Affordable homes, supports for Edmontonians in need
The opening of a new permanent supportive housing project in Edmonton means more people experiencing chronic homelessness have a safe, stable place to call home and support to address their needs.
The Alberta government provided $4 million in 2016-17 to help construct Balwin Place. The building includes 25 self-contained one-bedroom suites, with two common spaces for residents to gather. Three units are barrier-free for accessible use and a unique rooftop common area will house a garden and provide social space for residents.
The project is a partnership between the province, the City of Edmonton and Homeward Trust Edmonton. Homeward Trust is one of seven community-based organizations in Alberta’s major centres that works with communities to plan and administer provincial Housing First funding and helps coordinate local plans to end homelessness.
“All Albertans deserve a safe and affordable place to call home. We are proud to work with community partners like Homeward Trust to improve access to supports for people affected by homelessness. Our ongoing commitment to affordable housing and supports is a key way our government is making life better for all Albertans.”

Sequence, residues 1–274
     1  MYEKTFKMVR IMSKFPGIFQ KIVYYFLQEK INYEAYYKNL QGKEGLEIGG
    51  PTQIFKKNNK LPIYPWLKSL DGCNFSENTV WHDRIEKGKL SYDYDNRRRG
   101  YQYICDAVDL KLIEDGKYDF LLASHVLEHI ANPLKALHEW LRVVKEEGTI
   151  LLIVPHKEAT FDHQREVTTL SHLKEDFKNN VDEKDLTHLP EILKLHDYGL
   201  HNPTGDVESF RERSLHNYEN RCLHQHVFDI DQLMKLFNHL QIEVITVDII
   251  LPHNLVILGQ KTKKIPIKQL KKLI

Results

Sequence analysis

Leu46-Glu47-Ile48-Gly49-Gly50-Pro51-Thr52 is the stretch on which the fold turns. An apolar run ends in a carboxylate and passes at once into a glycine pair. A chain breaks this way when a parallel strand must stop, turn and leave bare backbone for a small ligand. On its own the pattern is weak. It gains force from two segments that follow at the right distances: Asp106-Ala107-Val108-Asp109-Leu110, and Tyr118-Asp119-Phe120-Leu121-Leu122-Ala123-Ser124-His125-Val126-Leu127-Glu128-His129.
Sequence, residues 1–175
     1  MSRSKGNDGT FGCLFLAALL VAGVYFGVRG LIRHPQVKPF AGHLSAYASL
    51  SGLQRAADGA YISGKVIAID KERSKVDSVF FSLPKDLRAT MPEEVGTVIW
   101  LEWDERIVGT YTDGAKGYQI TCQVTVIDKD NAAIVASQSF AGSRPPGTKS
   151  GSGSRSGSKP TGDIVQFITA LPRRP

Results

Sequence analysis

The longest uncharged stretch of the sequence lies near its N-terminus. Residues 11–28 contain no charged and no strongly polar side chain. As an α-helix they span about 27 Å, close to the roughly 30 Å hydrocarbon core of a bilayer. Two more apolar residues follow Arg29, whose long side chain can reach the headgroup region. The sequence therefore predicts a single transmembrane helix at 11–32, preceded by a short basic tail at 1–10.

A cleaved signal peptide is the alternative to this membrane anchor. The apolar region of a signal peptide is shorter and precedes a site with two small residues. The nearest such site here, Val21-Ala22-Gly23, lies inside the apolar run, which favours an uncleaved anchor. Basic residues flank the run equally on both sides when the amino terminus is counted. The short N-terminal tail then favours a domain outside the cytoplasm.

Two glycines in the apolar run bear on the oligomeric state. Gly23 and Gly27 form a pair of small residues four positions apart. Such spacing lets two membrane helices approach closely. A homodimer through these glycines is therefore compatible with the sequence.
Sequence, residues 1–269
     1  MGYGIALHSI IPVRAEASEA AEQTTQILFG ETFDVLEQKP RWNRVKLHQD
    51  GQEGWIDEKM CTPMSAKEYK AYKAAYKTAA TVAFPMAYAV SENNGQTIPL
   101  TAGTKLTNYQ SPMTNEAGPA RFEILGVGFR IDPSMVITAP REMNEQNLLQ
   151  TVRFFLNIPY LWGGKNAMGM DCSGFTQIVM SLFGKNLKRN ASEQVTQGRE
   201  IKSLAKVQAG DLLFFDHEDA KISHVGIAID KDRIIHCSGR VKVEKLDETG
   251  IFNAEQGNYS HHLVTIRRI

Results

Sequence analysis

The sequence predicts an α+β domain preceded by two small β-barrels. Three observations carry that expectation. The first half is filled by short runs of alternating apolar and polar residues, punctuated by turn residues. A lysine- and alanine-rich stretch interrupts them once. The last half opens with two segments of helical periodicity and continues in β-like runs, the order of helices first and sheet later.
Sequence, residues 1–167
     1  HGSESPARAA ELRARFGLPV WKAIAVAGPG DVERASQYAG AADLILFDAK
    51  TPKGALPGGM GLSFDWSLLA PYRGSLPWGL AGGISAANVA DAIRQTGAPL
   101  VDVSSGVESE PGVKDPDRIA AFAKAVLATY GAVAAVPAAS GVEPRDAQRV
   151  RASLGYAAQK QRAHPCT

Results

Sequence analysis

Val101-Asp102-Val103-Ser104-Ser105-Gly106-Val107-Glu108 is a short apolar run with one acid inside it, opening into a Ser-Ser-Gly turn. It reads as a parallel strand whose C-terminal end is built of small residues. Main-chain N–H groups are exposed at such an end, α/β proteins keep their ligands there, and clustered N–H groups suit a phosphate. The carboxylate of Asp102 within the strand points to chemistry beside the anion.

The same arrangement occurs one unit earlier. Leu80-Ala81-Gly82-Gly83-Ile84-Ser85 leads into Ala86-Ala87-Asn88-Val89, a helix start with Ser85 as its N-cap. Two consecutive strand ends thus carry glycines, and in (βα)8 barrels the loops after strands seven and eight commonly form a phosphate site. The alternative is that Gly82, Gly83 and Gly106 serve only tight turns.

The funding is part of the government’s ongoing $1.2-billion commitment to the provincial affordable housing strategy. In addition, government is committing more than $1 million annually to support the operation of Balwin Place.
“Everyone should have a safe and affordable home. This much-needed project is providing accessible and supportive homes for Albertans who need it the most. Our government will continue to make life better for Alberta families by building affordable housing across the province.”
Balwin Place follows a Housing First model which provides individuals with housing and wraparound support services, such as rent supports, mental health services, addictions treatment and employment skills, so they can regain their independence. More than 15,000 Albertans have been helped by Housing First programming, including about 4,300 people in Edmonton.
“This much-needed Permanent Supportive Housing (PSH) is helping our community move forward to achieve our collective goal of ending homelessness in Edmonton. This project is an important contribution towards the 916 units of PSH that we urgently require as identified in A Place to Call Home: Edmonton’s Updated Plan to Prevent and End Homelessness.”
In 2018-19, the province is investing nearly $191 million into community-based programming that addresses the needs of those experiencing homelessness, and women and children leaving family violence.